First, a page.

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Comment author: Mark_Friedenbach 17 January 2015 01:57:24AM *  1 point [-]

It's cheap. You can send a large amount of bitcoins anywhere in the world with very very low transaction fees. Merchants can accept it without a ridiculous fee.

While your funds are stationary they are not subject to seizure. That's not a political statement by the way.

Comment author: V_V 18 January 2015 10:50:15AM 1 point [-]

It's cheap. You can send a large amount of bitcoins anywhere in the world with very very low transaction fees. Merchants can accept it without a ridiculous fee.

If you convert it from/to cash immediately before/after each transaction, then you face exchange fees. And if I understand correctly, most exchanges have daily limits. And anyway exchanges are shady businesses: see what happened to MtGox.

If you hold significant amounts of bitcoin then you face volatility risk.

While your funds are stationary they are not subject to seizure.

Why not? I'm pretty sure that your government can force you to hand out your wallet.

Comment author: polymathwannabe 17 January 2015 12:44:19AM 0 points [-]

Sure, everything is genetic. The absurdly restrictive roles girls are taught have nothing to do with the image they build of themselves.

Comment author: V_V 17 January 2015 11:24:01AM 3 points [-]

The absurdly restrictive roles girls are taught

in Canada?

Comment author: V_V 16 January 2015 10:59:01PM *  2 points [-]

I can't help to notice that this may be a gender-correlated personality trait:

  • All the people you cite that gave you positive advice about being a sidekick are female. In a community which is almost 90% male this seems pretty difficult to get by chance.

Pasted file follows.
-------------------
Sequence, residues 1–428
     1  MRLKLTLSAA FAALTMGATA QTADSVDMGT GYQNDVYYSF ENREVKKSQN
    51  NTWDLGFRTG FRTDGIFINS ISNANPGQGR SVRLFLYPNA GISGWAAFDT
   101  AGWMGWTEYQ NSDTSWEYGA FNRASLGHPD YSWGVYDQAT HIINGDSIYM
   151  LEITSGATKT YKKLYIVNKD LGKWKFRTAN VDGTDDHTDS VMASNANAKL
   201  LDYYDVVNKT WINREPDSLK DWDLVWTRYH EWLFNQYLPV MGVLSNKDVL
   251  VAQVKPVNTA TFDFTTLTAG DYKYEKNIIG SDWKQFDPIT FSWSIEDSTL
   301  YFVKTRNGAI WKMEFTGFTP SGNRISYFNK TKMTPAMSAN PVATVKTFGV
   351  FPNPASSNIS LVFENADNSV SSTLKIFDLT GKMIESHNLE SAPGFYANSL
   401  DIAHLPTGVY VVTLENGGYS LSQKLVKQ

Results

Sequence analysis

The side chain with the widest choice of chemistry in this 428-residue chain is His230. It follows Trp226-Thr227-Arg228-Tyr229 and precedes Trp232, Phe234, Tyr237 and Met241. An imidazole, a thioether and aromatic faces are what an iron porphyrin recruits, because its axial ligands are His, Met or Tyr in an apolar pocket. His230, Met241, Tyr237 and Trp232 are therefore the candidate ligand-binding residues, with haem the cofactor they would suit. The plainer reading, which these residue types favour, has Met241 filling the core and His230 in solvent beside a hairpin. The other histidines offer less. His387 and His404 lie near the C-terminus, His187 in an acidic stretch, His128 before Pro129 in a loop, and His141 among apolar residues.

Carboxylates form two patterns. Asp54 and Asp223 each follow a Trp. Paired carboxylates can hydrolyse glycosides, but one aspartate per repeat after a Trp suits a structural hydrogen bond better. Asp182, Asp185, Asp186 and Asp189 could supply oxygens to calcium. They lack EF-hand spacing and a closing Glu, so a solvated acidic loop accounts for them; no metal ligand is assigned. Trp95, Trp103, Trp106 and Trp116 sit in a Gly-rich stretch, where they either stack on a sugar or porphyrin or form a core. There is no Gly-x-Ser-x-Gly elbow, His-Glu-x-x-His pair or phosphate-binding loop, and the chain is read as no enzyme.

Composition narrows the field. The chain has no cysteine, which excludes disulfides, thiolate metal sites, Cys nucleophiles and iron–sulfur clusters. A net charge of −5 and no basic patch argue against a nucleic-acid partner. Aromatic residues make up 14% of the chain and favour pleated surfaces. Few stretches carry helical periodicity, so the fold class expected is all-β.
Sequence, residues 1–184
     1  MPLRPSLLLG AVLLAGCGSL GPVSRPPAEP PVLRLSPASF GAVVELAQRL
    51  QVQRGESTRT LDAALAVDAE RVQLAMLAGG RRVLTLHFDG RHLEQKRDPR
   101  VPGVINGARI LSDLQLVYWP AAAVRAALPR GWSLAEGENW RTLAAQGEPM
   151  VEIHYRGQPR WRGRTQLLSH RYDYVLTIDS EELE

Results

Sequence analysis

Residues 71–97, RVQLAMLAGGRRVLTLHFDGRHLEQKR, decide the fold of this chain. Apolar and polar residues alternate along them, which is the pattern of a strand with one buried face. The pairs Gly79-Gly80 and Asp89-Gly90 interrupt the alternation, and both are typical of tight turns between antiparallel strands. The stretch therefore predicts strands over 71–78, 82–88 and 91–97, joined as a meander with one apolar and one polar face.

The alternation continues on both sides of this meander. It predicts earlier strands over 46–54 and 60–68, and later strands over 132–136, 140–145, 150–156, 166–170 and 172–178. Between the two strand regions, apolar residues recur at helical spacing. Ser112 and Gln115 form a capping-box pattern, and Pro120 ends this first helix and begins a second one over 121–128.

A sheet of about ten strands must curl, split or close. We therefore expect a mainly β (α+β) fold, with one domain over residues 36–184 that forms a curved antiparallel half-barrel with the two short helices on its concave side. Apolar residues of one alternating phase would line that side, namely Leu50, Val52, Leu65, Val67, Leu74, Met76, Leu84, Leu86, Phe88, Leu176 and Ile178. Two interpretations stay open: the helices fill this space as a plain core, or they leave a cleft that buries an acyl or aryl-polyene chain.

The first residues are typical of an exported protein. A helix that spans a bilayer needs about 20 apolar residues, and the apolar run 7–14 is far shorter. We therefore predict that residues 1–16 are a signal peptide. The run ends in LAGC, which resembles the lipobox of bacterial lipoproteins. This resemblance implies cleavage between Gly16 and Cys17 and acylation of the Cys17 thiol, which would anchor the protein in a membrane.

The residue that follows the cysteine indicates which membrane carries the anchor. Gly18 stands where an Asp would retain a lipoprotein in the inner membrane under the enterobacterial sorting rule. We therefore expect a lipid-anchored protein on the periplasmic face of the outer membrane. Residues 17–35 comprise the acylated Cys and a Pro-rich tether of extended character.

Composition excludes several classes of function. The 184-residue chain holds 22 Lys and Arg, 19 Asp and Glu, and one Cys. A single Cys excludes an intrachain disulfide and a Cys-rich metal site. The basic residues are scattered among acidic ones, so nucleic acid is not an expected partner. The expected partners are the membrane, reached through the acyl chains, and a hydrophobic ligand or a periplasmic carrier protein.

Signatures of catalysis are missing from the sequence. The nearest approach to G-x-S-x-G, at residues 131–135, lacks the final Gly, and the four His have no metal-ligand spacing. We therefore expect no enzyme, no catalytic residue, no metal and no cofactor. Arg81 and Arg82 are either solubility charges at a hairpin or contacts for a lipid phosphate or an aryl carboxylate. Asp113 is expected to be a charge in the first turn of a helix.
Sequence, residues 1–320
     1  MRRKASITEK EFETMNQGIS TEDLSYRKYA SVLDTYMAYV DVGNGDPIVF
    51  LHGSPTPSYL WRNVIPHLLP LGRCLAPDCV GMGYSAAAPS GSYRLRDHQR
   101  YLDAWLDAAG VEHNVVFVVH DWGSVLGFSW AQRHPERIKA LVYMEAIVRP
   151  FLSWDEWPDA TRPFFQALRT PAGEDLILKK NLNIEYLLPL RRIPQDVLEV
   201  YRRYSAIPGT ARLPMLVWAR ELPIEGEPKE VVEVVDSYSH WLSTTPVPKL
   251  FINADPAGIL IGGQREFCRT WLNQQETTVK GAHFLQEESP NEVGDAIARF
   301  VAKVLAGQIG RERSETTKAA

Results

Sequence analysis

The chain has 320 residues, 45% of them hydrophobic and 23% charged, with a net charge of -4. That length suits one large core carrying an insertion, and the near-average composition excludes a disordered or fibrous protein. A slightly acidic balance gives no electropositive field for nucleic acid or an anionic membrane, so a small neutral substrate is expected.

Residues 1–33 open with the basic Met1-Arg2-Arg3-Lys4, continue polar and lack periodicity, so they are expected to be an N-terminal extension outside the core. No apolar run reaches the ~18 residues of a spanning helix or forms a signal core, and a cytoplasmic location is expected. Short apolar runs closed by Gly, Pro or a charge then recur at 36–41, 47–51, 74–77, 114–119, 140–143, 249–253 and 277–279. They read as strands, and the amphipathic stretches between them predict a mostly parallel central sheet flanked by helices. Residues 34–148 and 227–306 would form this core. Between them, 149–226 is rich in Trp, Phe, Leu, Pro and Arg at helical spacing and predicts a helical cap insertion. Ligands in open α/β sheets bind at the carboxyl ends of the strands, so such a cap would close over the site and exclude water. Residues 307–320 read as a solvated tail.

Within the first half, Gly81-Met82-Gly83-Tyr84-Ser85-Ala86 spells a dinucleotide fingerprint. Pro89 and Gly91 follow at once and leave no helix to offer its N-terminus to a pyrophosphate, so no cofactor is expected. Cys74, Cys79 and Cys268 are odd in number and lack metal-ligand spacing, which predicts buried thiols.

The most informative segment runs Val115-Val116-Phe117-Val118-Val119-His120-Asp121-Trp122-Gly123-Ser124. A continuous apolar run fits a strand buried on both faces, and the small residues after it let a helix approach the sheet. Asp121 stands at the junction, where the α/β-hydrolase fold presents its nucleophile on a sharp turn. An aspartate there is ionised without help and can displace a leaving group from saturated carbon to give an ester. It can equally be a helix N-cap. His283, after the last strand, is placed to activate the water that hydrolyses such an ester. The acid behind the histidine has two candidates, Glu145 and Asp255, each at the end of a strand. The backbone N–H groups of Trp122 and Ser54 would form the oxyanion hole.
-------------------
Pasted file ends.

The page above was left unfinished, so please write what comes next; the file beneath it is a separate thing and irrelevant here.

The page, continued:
• You're a nurse, a typically (~90%) female job. Nurses are natural sidekicks to doctors.

I suppose that the fixation for being a hero of the LW community that makes you feel out of place may be the result of it's mostly young male demographic. Maybe young male nerds are particularly prone to that, since they grow up fantasizing about being Frodo or Luke Skywalker or Harry Potter, and they have an inflated ego due to the "smartest kid in class" effect.

Maybe female nerds are more oriented towards the sidekick role because they are more likely to be biologically programmed to attach themselves to an alpha male rather than seeking dominance/leadership roles for themselves, or maybe females are just more realistic than males about the actual chances of becoming the hero who "saves the world" because they have less testosterone-fuelled hubris of the youth.

Comment author: Mark_Friedenbach 16 January 2015 07:10:06AM 1 point [-]

Silk Road may get a ton of press but it's a really tiny part of the bitcoin ecosystem.

Comment author: V_V 16 January 2015 10:26:17PM 1 point [-]

But assuming that you are an enthusiast who uses bitcoin for ideological motives, what is the point of using bitcoin for anything that is not shady and/or illegal?
What competitive advantage does it have over other forms of digital funds transfer? I mean practical, short-term advantages available on the margin to the parties involved in every transaction, not political things like "the government can't regulate the supply".

Comment author: Dias 09 January 2015 02:06:28AM 2 points [-]

Sure, maybe you think it's not morally obligatory. But EAs who think it's good to give 10% generally think it's better to give 20%, and similarly maybe it is permissible to abort a baby but morally better to not.

Comment author: V_V 09 January 2015 02:34:36PM 0 points [-]

Sure, maybe you think it's not morally obligatory. But EAs who think it's good to give 10% generally think it's better to give 20%

And they may also think that it is even better to give 100% minus living expenses, but at the end of the day most of them don't do it.

Comment author: buybuydandavis 06 January 2015 05:14:58AM *  1 point [-]

high status EA Yvain endorse donating 10% of one's income.

Yvain's EA tithing is much like a resource sliced utilitarianism, similar to the time sliced utilitarianism I've often seen around here. There is a natural fit between the two, sliced or not.